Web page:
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Indigenous Program Researcher

picture of the community hall
It is the first time in history that First Nations have a say to this magnitude what happens in their territories

Net Impact as part of their mission statement as emerging business leaders is to make a positive environmental, social and economic impact in the Vancouver community by advocating responsible and sustainable business practices. Presented a collaborative circle discussion at the Segal Graduate School of Business, SFU

Asking the questions:

As citizens and people involved in business and other social and economic activity, we can be part of the problem or part of the solution with regard to the poor economic, educational and health outcomes in the aboriginal population. What is the current situation in BC and Canada? How did we get to this point?  What can anyone do about it?

The following were their guest speakers:

David Jimmie is the Chief and CEO of Squiala First Nation, President of Ch-ihl-kway-uhk Forestry Limited Partnership and Vice-President of Ts’elxweyeqw Tribe. As one of the younger Chief’s in the country, he has strived to provide educational and employment opportunities for his community members and other First Nations through economic development . David also believes in the importance of maintaining strong cultural roots.  David owned and operated a construction company for 8 years before coming back to his community and offering his experience in helping the Nation move forward. David has travelled to 24 countries and feels that it is important to experience other cultures in order to help understand and appreciate what you have at home.    

Squiala First Nation Website 

Shain Jackson is Coast Salish from the community of Sechelt.  He is a lawyer who has represented the interests of Aboriginal communities and organizations throughout British Columbia in relation to a broad array of issues.  After years devoted to the legal profession Shain has taken a break to follow his passion as an artist. Currently Shain is the President of Spirit Works Limited, an Aboriginal owned, operated and staffed company focused on the design, production and distribution of Aboriginal artwork such as jewelry, bentwood boxes, paddles, and so on. Shain has always taken very seriously his responsibilities not only to his own community, but to the urban Aboriginal community at large.  Further to this, through his company Spirit Works, Shain: has developed programs aimed at providing employment and training to Aboriginal youth; donates space, equipment and expertise to Aboriginal artists in need; consistently donates time and artwork to numerous charitable organizations; has designed and facilitated workshops aimed at providing cultural teachings for at-risk Aboriginal youth; and much more.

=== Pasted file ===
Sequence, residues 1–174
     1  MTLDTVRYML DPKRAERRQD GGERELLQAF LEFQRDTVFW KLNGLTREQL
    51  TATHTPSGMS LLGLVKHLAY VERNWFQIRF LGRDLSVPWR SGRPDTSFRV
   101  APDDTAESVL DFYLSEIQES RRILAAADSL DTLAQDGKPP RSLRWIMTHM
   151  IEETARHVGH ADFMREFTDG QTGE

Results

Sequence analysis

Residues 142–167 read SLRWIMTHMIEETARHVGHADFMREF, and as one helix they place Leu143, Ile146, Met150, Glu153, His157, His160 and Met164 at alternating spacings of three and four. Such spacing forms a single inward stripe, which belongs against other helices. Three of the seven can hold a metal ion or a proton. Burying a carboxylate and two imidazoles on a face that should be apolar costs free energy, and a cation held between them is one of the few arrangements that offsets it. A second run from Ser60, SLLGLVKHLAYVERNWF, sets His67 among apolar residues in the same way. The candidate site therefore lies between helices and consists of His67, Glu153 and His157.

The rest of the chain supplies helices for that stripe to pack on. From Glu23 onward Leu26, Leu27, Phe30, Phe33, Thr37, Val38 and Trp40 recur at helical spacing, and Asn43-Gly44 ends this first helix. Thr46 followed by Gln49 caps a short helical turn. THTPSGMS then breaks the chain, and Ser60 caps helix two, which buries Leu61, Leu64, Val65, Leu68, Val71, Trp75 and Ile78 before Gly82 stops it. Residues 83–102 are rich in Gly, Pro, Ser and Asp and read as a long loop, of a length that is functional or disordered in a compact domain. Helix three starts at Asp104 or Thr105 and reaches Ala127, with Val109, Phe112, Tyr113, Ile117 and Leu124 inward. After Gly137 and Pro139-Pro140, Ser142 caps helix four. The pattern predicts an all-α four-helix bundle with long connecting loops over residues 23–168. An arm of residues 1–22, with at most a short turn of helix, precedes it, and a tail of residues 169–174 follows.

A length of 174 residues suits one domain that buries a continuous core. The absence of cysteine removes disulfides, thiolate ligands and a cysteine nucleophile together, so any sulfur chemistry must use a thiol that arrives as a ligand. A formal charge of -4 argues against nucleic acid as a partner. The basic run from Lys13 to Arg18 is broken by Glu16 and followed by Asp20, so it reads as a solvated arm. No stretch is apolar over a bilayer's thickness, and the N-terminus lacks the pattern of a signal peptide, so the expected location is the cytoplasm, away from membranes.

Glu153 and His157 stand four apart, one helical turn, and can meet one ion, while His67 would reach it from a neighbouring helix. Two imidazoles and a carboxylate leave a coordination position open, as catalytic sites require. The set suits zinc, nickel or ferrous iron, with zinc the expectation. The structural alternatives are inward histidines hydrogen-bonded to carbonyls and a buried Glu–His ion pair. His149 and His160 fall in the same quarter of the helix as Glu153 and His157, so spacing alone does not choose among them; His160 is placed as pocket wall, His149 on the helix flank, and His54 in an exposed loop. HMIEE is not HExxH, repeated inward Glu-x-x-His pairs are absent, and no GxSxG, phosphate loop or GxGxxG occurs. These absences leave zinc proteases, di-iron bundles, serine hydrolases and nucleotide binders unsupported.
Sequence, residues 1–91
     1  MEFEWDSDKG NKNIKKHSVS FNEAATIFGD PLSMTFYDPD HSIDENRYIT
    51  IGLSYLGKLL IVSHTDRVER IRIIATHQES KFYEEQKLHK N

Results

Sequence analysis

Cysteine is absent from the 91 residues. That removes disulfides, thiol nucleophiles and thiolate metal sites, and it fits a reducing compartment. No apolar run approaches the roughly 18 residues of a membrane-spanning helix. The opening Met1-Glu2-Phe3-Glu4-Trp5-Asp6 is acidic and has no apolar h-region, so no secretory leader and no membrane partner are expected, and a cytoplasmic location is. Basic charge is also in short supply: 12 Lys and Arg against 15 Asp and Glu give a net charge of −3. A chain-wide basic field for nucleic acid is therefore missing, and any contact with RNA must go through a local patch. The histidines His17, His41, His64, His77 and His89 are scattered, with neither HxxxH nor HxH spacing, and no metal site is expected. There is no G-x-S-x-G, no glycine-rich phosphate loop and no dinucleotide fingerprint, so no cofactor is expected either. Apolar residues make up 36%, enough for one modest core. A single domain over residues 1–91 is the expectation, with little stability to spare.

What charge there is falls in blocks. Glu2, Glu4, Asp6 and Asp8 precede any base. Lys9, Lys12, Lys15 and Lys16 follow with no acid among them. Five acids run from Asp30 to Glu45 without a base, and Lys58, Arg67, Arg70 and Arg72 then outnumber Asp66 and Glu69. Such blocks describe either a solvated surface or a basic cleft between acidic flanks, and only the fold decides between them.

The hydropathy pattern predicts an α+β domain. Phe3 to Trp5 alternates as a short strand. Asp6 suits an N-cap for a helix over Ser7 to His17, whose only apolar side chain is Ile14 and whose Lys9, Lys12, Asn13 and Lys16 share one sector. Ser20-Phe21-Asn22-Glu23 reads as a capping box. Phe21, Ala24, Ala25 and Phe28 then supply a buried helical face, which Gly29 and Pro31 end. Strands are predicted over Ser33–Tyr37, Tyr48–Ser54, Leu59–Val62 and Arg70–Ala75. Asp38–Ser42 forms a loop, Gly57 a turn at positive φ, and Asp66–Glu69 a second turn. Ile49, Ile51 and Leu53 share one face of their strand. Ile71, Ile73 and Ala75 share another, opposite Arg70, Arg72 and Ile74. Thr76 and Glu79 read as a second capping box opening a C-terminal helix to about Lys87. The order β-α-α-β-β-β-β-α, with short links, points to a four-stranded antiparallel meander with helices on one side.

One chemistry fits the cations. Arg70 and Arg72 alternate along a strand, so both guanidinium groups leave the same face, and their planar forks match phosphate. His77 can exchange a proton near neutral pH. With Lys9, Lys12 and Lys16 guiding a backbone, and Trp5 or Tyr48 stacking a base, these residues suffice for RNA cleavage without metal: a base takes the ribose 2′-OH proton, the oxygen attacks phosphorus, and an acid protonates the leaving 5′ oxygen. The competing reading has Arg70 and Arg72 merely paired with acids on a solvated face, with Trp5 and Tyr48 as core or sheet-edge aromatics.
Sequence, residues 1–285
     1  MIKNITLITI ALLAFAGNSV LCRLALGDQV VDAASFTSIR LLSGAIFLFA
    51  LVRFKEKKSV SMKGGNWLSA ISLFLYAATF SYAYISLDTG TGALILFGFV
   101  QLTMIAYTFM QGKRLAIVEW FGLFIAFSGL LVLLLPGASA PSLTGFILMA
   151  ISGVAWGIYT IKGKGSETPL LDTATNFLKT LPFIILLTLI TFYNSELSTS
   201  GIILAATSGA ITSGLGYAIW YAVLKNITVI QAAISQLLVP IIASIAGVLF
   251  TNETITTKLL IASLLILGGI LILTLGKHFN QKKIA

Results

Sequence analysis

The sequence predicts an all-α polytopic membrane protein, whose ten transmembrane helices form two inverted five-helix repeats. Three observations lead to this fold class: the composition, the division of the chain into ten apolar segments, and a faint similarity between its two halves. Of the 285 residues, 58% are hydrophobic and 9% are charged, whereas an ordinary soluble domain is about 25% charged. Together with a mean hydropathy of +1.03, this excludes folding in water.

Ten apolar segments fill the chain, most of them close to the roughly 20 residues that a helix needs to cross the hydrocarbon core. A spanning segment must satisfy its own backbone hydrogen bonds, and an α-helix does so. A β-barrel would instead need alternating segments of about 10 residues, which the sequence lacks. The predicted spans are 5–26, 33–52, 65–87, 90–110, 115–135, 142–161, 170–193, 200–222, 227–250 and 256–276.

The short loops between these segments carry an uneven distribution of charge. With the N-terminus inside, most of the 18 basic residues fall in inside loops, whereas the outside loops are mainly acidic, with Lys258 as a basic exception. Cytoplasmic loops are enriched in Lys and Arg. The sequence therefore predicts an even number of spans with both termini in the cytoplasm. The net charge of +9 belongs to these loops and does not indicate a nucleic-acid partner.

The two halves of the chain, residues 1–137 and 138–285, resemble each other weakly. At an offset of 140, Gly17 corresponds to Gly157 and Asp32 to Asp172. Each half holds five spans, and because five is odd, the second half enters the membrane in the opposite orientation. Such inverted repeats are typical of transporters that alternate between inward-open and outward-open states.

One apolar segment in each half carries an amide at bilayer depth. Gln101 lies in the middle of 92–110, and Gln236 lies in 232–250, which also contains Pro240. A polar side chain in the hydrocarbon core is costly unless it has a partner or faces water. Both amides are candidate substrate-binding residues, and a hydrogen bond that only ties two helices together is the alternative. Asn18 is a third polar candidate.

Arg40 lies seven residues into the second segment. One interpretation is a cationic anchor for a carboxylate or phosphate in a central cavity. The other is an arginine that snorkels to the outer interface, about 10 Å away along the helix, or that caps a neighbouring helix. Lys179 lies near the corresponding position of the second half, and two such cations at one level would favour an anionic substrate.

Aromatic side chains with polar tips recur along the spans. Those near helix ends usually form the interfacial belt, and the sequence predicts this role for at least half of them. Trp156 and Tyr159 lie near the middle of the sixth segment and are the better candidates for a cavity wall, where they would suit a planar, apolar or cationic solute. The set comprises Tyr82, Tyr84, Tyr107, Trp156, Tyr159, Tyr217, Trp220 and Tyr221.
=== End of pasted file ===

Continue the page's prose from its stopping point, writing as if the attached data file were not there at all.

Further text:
Dr. Mark Selman is the director of the Executive MBA cohort for Aboriginal 
Business and Leadership. He is also responsible for directing other 
customized versions of the EMBA, including a long-running program with Teck 
Resources. Mark began his professional life as an entrepreneur involved in 
both construction and manufacturing. In his mid thirties, he returned to 
university to complete his undergraduate degree and doctorate, both at UBC.

Mark joined the 
Faculty of Business Administration full-time in 2000, where he founded the 
Learning Strategies Group. Because Mark was working with Alcan, he was asked 
by Milton Wong, then Chancellor of SFU, to assist the Haisla First Nation to 
develop a community learning plan that would complement their economic 
development initiatives. This led to a multi-year relationship involving 
planning, implementation and leadership development as well as to several 
other major projects with First Nations including courses on the use of real 
estate development as an economic development strategy, planning and 
coordination of education and economic development strategies with Turning 
Point, and a leadership role with Ahp-cii-uk ("going the right way" in 
Nuu-chah-nulth), a leadership initiative with three Nuu-chah-nulth 

Executive MBA in aboriginal business and leadership at SFU 

Silvana Costa, Ph.D.